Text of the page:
FWIW, my vision of how the course/skills I mentioned may fit into a UW scenario is something like this: you are a G/auxillary/advisor/etc, you’re not ‘in role’, you’re just out shopping at the bazaar/mall/grocery store/gas station with your self/wife/kids and are being prepped for action by statist thugs/civilian thugs/OPFOR/etc. In this sense, you’re battlespace is not just in the woods or concrete jungle, it’s everywhere/24X7, since you’re swimming among the fish. Your OODA loop still gets exercized, just against different scenarios/stimuli: in the morning, your OODA loop may be evaluating whether the guy behind you at the ATM is about to rob you; in the PM your OODA loop may be evaluating actions on the OBJ after you’ve raided OPFOR.

    Short of graduating the Q and heading down-range, developing the full spectrum of skills each of us need according to where we are in our individual/collective training probably means getting a complementary set of civilian training (and practicing what we’ve learned).

  6. Doug from WV permalink

    I was one of those people who thought an AK automatically made me a bad ass but what I found out from taking the Battle Rifle Training Class from Mosby in WV was quite the opposite: I was sorely lacking in the fundamentals necessary to run the gun. However, thanks to Mosby and his crew, I’ve learned a skill set that will allow me to move onto the next level of training.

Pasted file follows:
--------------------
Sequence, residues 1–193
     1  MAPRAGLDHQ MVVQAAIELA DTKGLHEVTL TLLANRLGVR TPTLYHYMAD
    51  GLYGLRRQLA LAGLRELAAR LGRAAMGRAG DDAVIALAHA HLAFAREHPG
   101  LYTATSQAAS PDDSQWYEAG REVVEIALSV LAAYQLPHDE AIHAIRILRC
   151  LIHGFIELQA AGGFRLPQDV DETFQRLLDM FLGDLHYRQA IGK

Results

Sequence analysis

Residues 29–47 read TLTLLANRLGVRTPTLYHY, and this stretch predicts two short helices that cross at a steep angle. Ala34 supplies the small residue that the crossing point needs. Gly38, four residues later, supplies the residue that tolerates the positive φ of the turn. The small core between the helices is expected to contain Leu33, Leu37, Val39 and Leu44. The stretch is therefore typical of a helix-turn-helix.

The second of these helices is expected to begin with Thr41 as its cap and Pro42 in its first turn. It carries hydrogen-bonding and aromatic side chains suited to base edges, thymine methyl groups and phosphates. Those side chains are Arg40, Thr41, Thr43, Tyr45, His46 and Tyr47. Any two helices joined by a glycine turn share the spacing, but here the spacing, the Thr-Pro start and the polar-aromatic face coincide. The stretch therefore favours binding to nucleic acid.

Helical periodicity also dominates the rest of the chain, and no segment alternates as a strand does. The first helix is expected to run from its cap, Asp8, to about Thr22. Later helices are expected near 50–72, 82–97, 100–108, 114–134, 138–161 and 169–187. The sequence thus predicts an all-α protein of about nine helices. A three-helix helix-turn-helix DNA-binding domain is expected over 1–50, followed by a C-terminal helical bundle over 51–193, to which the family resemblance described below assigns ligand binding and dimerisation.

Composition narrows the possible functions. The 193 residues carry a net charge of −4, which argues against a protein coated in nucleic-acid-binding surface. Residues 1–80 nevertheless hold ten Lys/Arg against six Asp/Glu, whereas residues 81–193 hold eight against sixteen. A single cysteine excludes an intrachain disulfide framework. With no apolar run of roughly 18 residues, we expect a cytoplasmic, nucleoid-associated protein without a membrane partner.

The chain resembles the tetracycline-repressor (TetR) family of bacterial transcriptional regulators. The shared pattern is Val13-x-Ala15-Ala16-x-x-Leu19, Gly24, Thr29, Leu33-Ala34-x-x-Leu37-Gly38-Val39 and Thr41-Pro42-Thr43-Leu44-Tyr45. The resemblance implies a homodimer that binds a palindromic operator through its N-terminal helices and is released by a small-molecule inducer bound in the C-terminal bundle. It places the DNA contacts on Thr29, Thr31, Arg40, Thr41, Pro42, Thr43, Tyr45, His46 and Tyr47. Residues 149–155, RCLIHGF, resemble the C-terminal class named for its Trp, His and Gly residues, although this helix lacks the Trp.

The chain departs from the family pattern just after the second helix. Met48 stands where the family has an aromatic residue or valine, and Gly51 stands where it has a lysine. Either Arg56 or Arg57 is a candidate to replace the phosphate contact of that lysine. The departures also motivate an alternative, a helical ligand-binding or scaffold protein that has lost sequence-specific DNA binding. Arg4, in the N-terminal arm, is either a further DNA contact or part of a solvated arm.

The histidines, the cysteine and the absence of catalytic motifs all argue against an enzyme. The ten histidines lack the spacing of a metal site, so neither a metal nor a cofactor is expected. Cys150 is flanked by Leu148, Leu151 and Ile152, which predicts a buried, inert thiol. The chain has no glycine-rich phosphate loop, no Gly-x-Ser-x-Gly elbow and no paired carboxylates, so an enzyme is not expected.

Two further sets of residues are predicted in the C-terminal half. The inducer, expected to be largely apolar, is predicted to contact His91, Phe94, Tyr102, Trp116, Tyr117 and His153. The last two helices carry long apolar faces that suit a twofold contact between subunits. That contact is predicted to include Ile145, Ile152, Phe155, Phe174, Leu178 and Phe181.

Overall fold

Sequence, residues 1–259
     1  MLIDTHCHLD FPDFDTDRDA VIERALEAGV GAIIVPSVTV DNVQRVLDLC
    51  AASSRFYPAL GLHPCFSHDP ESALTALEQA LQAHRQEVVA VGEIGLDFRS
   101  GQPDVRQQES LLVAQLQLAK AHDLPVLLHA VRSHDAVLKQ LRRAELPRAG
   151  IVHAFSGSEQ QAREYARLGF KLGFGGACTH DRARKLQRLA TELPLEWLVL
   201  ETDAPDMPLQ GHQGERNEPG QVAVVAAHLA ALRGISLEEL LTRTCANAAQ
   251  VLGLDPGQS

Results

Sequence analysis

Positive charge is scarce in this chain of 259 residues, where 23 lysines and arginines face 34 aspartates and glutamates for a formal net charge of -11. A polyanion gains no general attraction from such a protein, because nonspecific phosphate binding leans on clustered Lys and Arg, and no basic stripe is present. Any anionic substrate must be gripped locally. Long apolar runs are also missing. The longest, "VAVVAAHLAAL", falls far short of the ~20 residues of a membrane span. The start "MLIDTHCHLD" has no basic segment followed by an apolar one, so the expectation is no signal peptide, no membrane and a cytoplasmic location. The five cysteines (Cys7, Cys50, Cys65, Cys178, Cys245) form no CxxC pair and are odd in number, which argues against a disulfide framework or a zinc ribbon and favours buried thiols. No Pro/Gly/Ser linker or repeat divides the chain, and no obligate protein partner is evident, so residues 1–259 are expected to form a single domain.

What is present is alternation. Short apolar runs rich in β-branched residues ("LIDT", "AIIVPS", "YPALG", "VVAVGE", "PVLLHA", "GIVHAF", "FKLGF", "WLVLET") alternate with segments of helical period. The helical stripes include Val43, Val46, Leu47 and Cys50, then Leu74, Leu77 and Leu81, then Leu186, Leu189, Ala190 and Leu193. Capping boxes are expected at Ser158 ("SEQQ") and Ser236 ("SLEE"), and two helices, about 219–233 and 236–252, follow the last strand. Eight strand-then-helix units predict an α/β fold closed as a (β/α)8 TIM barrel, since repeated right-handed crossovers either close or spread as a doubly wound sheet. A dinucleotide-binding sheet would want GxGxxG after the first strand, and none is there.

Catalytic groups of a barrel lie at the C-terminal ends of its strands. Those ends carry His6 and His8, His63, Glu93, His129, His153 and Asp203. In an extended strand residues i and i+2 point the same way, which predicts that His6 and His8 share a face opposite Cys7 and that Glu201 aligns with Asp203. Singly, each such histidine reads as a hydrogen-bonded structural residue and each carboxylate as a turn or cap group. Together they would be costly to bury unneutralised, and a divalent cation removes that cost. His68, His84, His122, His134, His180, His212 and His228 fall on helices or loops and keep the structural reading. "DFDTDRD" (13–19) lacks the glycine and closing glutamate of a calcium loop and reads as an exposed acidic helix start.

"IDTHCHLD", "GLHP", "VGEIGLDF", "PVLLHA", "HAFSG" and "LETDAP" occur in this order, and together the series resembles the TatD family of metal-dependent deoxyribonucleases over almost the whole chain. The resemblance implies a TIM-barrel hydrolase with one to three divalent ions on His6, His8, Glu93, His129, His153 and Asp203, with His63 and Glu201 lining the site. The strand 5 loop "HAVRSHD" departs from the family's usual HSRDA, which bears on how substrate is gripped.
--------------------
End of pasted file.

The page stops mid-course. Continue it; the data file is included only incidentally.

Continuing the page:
First of all the red dot needed sighted. I was at least able to set the gun up with an Ultimac Rail and opted for a Bushnell I screwed onto it a week or so before the class. By the second day of training it was obvious the SLR-107F wasn’t as accurate as the AR’s everyone else had (I was the only AK and a few people laughed at me for bringing a commie gun:) so Mosby sent me off with Herc to sight the sum bitch in. After four rounds from prone at 100 yards she was in the money! It was still not as tight as those AR’s but able to compete with them in all the drills.

    Speed reloading an AK was differnt than speed reloading an AR so once again I was sent off with Herc to master the steps necessary to make the gun and shooter potent on the battlefield.

    If you somehow think you’re a ninja and can learn this stuff from watching you tube video’s then I’d say you need to get off the crack pipe and wake the fuck up becuase the regime forces are going to smoke you before you reach into your Romanian Magazine Pouch that came along with your WASR. There is a specific way the AK is speed reloaded that is very fluid and highly effective and does not seem “normal” at first until you run through the drill several times and build up the proper muscle memory. Once you get it down you can pat yourself on the back because it’s a hell of a lot of fun throwing Bulgarian 40 round magazines around.